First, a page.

Yes, I can make my own pasta. Yes, the results are so much more rewarding than packet pasta. No, I don’t have time tonight…
So let’s be honest, I don’t want to labour over dinner after a long day at work, I want convenience where I can get it and I don’t want to sacrifice on quality. So for my cheat’s version of ravioli I use fresh store bought lasagne sheets – not frozen, not dried….fresh. Sourced from a local Italian grocer these beauties are the best way to cheat your way to a perfect ravioli without the labour intensive homemade version. Whilst I admit making pasta from scratch can be a very therapeutic and rewarding activity, there’s nothing wrong with skipping a step or two when modern-day convenience allows for it.
You can choose any filling you want really, but tonight I opted for a combination of roast pumpkin, ricotta and sage. I’ve never made this before, but with a pumpkin in my fridge, sage in my garden and ricotta easily sourced on the way home form work, my decision was already made for me.
There’s no need to get stressed about making something like this, its really quite simple. Start with a “can-do” attitude and follow it by taking out the hassle of making your own pasta and before you know it more than half the jobs done for you!
350g butternut pumpkin, roasted
1 Tbs olive oil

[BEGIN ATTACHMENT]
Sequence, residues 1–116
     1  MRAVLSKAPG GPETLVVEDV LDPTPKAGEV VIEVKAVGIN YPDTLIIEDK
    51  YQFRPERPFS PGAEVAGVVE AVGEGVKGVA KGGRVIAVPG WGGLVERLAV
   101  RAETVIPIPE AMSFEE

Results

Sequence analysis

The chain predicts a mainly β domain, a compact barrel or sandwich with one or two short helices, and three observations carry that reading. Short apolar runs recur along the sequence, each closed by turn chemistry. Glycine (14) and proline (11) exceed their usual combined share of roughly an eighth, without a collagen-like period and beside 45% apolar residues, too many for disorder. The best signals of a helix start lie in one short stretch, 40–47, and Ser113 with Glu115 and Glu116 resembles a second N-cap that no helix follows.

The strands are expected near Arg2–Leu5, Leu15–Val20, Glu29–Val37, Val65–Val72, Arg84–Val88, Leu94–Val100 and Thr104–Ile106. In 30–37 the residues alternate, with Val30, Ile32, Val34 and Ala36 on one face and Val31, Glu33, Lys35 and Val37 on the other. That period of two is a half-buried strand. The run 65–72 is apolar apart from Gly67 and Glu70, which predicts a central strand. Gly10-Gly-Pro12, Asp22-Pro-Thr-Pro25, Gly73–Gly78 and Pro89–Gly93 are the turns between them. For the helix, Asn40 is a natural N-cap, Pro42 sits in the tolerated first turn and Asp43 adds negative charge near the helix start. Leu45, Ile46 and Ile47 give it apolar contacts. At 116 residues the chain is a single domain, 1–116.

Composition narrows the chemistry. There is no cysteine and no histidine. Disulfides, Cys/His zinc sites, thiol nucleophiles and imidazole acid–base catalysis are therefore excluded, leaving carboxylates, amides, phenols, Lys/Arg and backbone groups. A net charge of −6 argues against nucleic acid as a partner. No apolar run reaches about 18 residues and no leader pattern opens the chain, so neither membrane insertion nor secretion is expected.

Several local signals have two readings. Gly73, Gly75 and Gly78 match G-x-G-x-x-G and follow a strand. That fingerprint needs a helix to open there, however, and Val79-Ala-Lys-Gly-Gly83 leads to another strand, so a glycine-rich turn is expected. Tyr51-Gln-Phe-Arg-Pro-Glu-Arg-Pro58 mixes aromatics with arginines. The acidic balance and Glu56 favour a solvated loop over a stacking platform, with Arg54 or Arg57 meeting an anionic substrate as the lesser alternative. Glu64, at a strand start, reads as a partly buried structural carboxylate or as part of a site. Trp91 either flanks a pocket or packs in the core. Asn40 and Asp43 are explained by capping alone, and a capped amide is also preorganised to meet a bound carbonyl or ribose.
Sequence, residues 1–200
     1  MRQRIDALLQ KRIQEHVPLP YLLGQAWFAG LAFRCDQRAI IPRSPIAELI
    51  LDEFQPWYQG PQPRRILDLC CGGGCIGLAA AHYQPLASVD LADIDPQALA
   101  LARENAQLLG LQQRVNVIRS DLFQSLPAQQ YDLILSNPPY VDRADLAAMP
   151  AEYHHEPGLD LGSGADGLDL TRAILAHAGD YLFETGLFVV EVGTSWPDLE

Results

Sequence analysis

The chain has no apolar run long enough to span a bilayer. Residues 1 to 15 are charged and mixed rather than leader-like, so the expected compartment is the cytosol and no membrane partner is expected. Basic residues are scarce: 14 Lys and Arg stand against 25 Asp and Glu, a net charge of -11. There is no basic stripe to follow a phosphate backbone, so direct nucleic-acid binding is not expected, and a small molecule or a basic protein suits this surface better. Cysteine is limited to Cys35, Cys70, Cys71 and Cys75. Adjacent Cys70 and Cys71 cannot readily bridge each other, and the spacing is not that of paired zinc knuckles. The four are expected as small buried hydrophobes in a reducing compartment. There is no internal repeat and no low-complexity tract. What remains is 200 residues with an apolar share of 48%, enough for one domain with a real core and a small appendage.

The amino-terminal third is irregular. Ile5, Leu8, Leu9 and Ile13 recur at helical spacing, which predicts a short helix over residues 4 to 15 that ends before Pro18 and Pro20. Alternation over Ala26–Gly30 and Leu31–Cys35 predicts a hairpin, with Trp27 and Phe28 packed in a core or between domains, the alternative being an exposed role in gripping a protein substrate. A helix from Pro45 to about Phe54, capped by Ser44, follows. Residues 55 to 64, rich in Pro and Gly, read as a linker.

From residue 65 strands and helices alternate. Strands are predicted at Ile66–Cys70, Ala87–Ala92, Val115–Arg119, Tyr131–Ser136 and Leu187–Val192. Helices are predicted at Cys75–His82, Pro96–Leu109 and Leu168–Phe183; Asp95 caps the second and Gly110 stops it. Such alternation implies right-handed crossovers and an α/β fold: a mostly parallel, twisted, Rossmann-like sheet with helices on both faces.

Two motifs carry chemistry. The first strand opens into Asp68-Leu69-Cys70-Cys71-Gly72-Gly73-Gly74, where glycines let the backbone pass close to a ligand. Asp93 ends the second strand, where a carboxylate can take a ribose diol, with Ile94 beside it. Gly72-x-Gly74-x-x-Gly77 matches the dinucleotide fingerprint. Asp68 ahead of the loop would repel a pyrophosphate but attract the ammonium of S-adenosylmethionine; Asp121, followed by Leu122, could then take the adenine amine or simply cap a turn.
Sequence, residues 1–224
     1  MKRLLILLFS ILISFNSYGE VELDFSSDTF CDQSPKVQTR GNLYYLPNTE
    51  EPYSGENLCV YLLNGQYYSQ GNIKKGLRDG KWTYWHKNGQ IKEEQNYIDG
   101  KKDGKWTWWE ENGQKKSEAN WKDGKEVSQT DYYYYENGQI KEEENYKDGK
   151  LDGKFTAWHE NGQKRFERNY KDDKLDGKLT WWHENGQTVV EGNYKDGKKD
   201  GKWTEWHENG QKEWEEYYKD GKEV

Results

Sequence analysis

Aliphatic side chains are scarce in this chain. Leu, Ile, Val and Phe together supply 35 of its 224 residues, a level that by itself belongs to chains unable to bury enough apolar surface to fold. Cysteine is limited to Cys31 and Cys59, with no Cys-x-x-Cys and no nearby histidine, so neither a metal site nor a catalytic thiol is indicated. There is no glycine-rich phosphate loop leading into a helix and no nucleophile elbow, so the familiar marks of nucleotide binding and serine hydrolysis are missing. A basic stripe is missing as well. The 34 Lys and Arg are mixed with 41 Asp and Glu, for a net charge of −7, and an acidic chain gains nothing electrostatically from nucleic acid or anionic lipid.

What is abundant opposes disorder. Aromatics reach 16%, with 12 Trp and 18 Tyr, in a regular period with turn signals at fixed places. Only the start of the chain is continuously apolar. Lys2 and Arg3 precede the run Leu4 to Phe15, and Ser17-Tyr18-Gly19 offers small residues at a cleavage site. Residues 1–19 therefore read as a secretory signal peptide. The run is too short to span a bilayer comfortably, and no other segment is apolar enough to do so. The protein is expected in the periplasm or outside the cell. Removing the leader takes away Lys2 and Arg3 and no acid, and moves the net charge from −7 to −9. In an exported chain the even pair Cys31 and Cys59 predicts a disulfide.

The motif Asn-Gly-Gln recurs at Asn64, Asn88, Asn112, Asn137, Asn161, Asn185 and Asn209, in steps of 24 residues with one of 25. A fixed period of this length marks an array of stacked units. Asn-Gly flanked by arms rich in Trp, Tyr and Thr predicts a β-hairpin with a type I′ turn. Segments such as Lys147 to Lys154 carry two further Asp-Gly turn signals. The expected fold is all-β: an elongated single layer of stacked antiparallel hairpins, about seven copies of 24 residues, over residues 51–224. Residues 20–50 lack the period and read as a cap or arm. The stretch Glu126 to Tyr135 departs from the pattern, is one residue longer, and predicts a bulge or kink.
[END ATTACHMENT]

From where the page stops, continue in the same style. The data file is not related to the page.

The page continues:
1/4 cup Parmesan cheese, finely grated
4 tsp fresh sage, finely chopped (and a few extra leaves for the sauce)
sea salt and pepper
1 egg, whisked for egg wash
1 packet of fresh lasagne sheets
- Roast your pumpkin (drizzled with olive oil) in the oven at 180°C until the pumpkin is soft and cooked through.
- Whilst pumpkin is in the oven, cut pasta sheets to suit. I made mine into small squares in order to make into triangle shaped ravioli.
- Blitz pumpkin in a blender or food processor until smooth.
- In a large bowl combine pumpkin, ricotta and chopped sage. Season with salt and pepper.
- Onto each cut square of pasta, place 1 – 2 teaspoons of filling and seal pasta sheet over into a triangle (or whatever other shape you prefer), a small dab of egg wash around the edges will help you make the pasta stick together if you are having difficulties. When closing the ravioli over, try to push out all the air from around your filling.
- Once all raviolis are finished bring a pot of salted water to the boil.
- To make the brown butter sauce, cook the butter in a small pan with a few sage leaves over a low heat until the butter is lightly brown and the sage leaves are crisp. This should take roughly 5 – 7 minutes. Keep a close watch so as your butter does not cook too far!
- When pot of water is boiling, gently lower ravioli into the water and cook for 3 – 4 minutes or until al dente. Drain and serve with your brown butter sauce. Grate Parmesan over the top and season lightly with pepper and salt if required.
Best enjoyed on a cold winter’s night with a glass of red and a good friend.